Posey: In “hot zones,” the case load has been so overwhelming that it has presented real logistical challenges for funeral homes. In these areas, such as New York and Detroit, funeral directors are to be commended for the valiant way they’ve risen to the extreme challenges placed before them.
In areas of the country where the caseload has not been as severe, our challenge has been helping families understand that while, due to social distancing, we may not be able to have the presence of their friends to support them, we can provide, via alternative means, the same elements of ceremony and ritual that make the funeral experience meaningful, and provide the healing moments that will be so beneficial in the difficult days to come.
Kaniuk: in some areas, including New Jersey, New York, and Connecticut, the sheer volume and the speed with which the deaths have occurred is incredibly challenging. Some funeral homes in those areas did a year’s worth of funerals in a few weeks’ time, and the overwhelming numbers and speed of the deaths in some locales has had a huge impact on cremations at local crematories; some families are waiting weeks for a loved-one to be cremated due to limited crematories. I’ve personally had two close friends who have lost family members: one lost her sister and the other lost his father. It was very difficult for me being in funeral service yet not being able to be there for either of them. PPE (Protective Personal Equipment) has been very hard for funeral directors to get as well.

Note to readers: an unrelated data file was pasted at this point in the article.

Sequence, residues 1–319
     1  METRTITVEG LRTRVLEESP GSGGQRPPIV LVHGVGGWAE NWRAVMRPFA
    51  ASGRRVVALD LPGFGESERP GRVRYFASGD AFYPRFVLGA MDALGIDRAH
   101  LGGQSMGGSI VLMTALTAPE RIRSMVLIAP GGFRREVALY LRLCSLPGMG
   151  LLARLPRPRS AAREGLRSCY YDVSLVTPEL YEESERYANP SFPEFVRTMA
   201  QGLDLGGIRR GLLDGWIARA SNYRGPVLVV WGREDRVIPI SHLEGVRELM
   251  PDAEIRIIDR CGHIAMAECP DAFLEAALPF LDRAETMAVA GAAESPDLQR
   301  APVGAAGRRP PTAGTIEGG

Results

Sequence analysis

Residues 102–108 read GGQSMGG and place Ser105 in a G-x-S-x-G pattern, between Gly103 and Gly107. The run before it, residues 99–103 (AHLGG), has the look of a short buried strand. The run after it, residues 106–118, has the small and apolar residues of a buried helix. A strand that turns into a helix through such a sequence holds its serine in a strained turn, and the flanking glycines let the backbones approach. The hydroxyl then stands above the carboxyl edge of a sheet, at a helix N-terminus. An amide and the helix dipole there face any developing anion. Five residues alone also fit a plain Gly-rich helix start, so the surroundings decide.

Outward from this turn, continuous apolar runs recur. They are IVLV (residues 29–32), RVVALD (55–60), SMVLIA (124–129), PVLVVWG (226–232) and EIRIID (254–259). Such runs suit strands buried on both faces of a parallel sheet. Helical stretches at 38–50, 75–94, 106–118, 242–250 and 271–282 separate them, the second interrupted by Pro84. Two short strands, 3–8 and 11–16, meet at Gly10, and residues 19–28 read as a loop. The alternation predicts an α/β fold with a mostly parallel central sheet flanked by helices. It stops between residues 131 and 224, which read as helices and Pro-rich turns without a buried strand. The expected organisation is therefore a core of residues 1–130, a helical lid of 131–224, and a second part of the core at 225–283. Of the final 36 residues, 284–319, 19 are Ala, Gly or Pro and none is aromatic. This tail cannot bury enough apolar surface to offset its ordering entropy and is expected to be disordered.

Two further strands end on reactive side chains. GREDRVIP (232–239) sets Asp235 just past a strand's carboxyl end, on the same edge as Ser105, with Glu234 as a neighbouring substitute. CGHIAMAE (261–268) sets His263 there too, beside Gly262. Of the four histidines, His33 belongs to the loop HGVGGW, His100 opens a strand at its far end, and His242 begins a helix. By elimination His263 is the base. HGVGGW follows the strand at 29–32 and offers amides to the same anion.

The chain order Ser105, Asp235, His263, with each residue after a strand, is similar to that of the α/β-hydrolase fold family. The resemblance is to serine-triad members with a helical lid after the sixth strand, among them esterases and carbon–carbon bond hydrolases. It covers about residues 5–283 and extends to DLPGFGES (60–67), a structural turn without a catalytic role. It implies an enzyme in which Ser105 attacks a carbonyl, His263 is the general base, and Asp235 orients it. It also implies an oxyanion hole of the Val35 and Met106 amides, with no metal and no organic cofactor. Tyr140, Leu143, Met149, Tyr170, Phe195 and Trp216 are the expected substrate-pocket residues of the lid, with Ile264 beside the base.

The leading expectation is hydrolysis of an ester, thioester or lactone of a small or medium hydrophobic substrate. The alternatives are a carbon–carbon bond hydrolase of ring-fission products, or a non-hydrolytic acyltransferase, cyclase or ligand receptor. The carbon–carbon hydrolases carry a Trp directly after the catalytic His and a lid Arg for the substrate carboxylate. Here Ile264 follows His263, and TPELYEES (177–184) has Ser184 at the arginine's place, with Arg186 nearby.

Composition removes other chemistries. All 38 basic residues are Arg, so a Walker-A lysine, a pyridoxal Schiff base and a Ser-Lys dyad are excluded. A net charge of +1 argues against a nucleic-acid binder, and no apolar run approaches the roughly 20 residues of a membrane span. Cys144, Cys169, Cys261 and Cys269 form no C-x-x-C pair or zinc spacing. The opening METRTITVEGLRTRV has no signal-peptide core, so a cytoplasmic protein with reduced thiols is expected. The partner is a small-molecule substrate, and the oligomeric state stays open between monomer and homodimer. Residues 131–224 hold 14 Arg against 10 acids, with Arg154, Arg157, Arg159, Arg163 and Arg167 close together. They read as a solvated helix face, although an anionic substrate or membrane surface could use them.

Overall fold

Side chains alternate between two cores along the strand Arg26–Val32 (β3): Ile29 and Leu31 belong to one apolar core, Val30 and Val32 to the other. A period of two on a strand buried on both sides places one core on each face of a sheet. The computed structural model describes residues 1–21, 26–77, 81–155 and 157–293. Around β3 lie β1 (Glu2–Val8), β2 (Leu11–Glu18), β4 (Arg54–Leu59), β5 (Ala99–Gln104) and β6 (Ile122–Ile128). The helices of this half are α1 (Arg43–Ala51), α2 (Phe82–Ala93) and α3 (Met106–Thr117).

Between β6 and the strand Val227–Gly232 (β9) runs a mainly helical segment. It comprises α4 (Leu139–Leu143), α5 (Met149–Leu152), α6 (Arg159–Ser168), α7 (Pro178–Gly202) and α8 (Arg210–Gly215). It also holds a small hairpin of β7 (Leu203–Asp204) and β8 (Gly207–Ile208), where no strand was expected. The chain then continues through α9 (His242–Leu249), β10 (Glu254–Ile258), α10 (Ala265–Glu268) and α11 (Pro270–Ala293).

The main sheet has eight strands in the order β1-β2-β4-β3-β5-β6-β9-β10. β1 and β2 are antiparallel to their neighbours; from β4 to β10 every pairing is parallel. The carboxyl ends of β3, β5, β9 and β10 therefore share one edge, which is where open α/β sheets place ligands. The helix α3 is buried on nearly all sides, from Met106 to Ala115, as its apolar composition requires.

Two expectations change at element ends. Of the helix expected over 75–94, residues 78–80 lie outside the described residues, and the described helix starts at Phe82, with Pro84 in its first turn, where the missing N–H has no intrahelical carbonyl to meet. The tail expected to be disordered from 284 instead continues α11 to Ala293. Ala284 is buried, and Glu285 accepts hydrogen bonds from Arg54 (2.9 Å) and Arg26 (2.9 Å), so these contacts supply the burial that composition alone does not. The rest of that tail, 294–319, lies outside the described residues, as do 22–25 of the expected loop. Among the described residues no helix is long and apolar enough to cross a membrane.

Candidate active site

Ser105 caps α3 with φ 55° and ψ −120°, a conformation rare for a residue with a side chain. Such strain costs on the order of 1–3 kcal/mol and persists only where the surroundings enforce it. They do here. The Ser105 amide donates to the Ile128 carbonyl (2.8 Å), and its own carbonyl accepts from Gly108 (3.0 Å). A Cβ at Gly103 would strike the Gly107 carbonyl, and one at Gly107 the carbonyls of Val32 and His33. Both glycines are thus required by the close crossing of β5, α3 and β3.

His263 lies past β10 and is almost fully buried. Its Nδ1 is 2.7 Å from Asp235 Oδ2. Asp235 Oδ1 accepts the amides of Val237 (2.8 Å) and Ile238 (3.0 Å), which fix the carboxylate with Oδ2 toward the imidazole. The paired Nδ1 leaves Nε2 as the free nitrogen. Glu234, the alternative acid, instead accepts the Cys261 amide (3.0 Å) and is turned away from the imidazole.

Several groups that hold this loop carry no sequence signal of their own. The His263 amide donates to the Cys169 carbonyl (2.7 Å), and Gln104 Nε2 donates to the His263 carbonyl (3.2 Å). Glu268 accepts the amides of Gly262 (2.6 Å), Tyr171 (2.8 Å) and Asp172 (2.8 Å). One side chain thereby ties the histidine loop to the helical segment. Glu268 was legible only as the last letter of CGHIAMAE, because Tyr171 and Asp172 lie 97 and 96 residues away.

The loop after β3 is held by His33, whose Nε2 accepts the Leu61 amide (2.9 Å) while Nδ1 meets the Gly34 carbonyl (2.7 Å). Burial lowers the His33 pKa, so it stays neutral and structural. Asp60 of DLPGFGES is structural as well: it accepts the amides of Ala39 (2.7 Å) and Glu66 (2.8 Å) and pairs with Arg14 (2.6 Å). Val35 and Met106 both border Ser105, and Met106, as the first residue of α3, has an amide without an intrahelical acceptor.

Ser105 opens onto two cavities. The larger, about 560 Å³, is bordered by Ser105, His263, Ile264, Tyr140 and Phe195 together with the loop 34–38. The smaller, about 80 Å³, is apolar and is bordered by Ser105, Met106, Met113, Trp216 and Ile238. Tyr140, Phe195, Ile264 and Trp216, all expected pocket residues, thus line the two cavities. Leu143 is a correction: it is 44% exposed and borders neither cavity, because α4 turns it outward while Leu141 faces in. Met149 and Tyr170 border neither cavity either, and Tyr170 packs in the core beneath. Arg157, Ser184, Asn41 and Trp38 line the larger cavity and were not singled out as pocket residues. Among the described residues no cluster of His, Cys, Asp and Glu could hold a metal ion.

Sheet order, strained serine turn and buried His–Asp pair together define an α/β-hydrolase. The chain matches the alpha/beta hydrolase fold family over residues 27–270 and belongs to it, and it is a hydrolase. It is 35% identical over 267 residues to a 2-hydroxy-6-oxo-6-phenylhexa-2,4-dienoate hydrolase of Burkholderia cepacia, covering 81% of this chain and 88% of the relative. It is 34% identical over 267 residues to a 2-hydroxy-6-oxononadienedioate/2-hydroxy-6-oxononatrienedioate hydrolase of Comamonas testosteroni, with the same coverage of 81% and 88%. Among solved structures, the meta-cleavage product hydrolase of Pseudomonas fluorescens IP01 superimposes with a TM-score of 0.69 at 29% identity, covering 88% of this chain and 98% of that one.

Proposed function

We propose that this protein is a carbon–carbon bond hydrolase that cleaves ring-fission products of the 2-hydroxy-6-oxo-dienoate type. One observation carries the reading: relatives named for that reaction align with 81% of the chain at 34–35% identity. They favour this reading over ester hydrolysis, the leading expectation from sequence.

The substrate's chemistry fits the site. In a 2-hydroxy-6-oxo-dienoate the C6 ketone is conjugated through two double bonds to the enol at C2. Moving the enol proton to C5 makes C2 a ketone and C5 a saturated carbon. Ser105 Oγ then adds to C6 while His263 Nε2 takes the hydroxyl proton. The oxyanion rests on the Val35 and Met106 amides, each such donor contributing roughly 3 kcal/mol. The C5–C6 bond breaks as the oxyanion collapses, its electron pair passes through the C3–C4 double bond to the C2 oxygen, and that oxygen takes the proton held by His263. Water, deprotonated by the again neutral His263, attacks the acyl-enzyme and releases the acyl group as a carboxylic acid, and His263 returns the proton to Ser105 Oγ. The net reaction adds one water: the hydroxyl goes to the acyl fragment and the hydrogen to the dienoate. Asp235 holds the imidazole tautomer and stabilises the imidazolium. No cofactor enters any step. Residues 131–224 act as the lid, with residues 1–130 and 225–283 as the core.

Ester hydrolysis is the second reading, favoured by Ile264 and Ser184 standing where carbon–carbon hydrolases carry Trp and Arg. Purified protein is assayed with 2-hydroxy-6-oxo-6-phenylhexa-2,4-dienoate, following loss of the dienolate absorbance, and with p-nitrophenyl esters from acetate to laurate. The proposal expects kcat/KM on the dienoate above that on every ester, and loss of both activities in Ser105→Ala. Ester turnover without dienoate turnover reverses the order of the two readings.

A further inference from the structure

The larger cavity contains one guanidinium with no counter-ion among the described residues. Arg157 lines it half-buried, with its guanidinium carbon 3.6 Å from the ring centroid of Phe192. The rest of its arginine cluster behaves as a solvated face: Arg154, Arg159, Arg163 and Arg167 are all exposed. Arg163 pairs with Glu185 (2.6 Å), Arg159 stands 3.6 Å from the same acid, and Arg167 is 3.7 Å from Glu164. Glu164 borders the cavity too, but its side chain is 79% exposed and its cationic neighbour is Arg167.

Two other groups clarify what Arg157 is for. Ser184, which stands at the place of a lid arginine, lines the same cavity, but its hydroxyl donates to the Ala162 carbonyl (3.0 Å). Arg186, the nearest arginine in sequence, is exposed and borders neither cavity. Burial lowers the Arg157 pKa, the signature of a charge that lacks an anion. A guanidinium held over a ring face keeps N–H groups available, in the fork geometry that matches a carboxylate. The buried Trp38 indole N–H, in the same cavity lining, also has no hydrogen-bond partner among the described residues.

Solomon: Has your organization, the NFDA, been stepping up here to offer crisis support to your members?
Kaniuk: Yes, including via the efforts of NFDA’s affiliated foundation, the Funeral Service Foundation and its COVID-19 Crisis Response Fund. This has two pillars of support: emergency assistance and grief support. Designed to be flexible, the fund provides grants for immediate needs within funeral service, including emergency response to significant loss of life; grants to organizations providing services and resources to families with unresolved and complicated grief due to loss during this crisis; and grants for other important needs as funeral service continues to serve families during this rapidly evolving crisis.
Solomon: Even pre-COVID, there have been multiple technological developments affecting the nature of funerals, correct?
Posey: In addition to being a funeral director myself, I serve as a consultant for companies that are working to provide better tools needed to improve the experience around funerals today, so this is a subject close to my heart. Today’s technologically-delivered solutions, like virtual tributes, live streaming of services and virtual grief tools, are important developments that are valuable in less stressful times and are certainly even more so as a result of the gathering restrictions due to the COVID-19 pandemic.
Another area where technology can be transformational is when it can assist in planning services. We are working to create a virtual environment where families can work with our directors to plan services from the comfort of their own homes with the same level of care and professionalism they receive in person at our location. Our goal is never to replace human interaction; rather it is to help families have a more manageable experience around funeral planning so that they can worry less about logistics and spend more time being supported by those they love.